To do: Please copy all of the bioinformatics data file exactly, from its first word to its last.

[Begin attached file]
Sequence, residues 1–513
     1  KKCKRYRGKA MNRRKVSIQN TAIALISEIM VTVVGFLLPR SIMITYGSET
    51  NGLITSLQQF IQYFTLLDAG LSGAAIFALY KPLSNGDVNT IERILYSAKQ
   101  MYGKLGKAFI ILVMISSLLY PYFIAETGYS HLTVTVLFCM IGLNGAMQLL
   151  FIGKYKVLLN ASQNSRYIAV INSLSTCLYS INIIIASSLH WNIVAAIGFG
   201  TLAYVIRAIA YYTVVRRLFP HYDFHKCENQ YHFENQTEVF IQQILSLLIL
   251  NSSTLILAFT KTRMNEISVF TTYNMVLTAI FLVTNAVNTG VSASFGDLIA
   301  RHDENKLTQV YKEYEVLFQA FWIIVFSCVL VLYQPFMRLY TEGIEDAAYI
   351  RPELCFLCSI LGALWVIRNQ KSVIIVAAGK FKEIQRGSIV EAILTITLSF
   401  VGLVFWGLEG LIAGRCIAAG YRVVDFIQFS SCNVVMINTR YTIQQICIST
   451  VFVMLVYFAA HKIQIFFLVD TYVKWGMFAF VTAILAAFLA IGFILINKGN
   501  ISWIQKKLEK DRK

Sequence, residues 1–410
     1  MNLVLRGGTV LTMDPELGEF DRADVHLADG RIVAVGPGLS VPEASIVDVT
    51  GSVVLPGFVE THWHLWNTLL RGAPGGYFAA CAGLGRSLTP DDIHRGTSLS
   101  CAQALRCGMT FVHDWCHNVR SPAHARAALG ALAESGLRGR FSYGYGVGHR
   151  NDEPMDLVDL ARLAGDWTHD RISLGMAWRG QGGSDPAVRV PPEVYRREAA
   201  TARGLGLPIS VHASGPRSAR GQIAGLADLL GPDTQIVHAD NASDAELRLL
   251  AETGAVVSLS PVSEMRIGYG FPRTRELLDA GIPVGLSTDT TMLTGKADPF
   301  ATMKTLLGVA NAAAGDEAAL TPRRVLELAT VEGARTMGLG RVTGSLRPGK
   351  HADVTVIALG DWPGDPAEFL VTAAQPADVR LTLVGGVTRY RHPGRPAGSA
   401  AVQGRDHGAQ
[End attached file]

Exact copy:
Sequence, residues 1–513
     1  KKCKRYRGKA MNRRKVSIQN TAIALISEIM VTVVGFLLPR SIMITYGSET
    51  NGLITSLQQF IQYFTLLDAG LSGAAIFALY KPLSNGDVNT IERILYSAKQ
   101  MYGKLGKAFI ILVMISSLLY PYFIAETGYS HLTVTVLFCM IGLNGAMQLL
   151  FIGKYKVLLN ASQNSRYIAV INSLSTCLYS INIIIASSLH WNIVAAIGFG
   201  TLAYVIRAIA YYTVVRRLFP HYDFHKCENQ YHFENQTEVF IQQILSLLIL
   251  NSSTLILAFT KTRMNEISVF TTYNMVLTAI FLVTNAVNTG VSASFGDLIA
   301  RHDENKLTQV YKEYEVLFQA FWIIVFSCVL VLYQPFMRLY TEGIEDAAYI
   351  RPELCFLCSI LGALWVIRNQ KSVIIVAAGK FKEIQRGSIV EAILTITLSF
   401  VGLVFWGLEG LIAGRCIAAG YRVVDFIQFS SCNVVMINTR YTIQQICIST
   451  VFVMLVYFAA HKIQIFFLVD TYVKWGMFAF VTAILAAFLA IGFILINKGN
   501  ISWIQKKLEK DRK

Sequence, residues 1–410
     1  MNLVLRGGTV LTMDPELGEF DRADVHLADG RIVAVGPGLS VPEASIVDVT
    51  GSVVLPGFVE THWHLWNTLL RGAPGGYFAA CAGLGRSLTP DDIHRGTSLS
   101  CAQALRCGMT FVHDWCHNVR SPAHARAALG ALAESGLRGR FSYGYGVGHR
   151  NDEPMDLVDL ARLAGDWTHD RISLGMAWRG QGGSDPAVRV PPEVYRREAA
   201  TARGLGLPIS VHASGPRSAR GQIAGLADLL GPDTQIVHAD NASDAELRLL
   251  AETGAVVSLS PVSEMRIGYG FPRTRELLDA GIPVGLSTDT TMLTGKADPF
   301  ATMKTLLGVA NAAAGDEAAL TPRRVLELAT VEGARTMGLG RVTGSLRPGK
   351  HADVTVIALG DWPGDPAEFL VTAAQPADVR LTLVGGVTRY RHPGRPAGSA
   401  AVQGRDHGAQ